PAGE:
Making up roughly two-thirds of the Antarctic continent, East Antarctica has been viewed by polar researchers as less threatened by climate change than the volatile ice sheets in West Antarctica and the Antarctic Peninsula.

"Both of these glaciers are vulnerable to the intrusion of warm ocean water and hold considerable potential for sea level rise," said co-author Eric Rignot, Donald Bren Professor and chair of Earth system science at UCI. "This work highlights that East Antarctic glaciers are as important to our future as those in the continent's western regions."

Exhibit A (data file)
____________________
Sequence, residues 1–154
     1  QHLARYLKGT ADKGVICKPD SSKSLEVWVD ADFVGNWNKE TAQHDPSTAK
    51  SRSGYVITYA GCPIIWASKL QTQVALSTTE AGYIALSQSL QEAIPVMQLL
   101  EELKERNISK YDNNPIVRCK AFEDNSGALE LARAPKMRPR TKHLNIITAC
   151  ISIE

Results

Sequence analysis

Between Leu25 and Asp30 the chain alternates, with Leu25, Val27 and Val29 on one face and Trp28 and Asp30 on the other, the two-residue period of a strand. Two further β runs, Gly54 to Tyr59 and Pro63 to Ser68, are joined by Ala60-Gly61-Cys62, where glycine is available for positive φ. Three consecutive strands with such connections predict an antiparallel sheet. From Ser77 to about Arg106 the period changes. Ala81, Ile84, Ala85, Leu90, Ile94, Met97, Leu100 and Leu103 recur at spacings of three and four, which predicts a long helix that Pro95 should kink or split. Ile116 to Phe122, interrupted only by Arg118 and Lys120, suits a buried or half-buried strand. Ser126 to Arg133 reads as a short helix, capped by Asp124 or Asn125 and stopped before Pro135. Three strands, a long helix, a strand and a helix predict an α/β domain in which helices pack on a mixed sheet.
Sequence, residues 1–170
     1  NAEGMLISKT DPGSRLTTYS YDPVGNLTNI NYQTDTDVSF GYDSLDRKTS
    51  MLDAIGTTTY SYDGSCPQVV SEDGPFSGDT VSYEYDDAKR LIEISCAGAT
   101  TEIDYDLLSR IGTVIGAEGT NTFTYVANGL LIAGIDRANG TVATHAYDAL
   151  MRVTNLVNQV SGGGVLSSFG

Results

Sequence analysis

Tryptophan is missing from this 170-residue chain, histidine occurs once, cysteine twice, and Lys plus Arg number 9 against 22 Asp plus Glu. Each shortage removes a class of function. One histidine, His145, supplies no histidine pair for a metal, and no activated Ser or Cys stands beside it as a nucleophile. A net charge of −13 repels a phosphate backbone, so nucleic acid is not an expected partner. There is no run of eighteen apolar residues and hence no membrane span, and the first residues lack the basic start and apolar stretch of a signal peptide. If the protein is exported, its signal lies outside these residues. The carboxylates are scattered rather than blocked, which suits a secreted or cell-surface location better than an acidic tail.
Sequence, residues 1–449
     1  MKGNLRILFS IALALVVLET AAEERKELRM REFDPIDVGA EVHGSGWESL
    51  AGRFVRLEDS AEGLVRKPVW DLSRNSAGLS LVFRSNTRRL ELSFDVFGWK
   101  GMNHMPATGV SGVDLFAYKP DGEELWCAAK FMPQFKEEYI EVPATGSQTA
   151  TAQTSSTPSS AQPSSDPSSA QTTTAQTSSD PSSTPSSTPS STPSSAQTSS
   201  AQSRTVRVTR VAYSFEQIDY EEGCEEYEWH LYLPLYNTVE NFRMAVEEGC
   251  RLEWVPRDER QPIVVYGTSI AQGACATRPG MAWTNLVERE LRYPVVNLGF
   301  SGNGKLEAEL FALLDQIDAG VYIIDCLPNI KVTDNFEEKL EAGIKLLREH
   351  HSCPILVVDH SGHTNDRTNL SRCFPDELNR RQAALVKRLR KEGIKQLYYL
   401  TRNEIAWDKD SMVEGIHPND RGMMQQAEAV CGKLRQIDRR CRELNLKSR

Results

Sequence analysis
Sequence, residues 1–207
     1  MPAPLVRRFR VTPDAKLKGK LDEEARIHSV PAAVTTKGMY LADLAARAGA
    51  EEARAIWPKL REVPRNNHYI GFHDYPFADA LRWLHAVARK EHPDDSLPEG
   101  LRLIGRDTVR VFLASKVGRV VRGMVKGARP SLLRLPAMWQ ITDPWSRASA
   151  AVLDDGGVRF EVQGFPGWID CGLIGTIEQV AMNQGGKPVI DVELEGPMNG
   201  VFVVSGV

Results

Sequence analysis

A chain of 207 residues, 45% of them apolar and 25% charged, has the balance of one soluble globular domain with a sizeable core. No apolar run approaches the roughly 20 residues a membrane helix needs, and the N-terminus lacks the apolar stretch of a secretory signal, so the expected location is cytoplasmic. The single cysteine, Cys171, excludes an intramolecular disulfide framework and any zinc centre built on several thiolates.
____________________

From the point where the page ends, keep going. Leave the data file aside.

According to co-author Isabella Velicogna, professor of Earth system science, it's challenging to study the Totten and Moscow University glaciers because the signal of change is much weaker than that of their counterparts in the west.

"In this remote part of the world, the data from GRACE and other satellite missions are critical for us to understand the glacier evolution," she said.
-end-
The research was supported by NASA's GRACE and GRACE Follow-On, cryosphere, terrestrial hydrology, and National Student Leadership Conference programs. GRACE was a joint mission of NASA and the German Aerospace Center.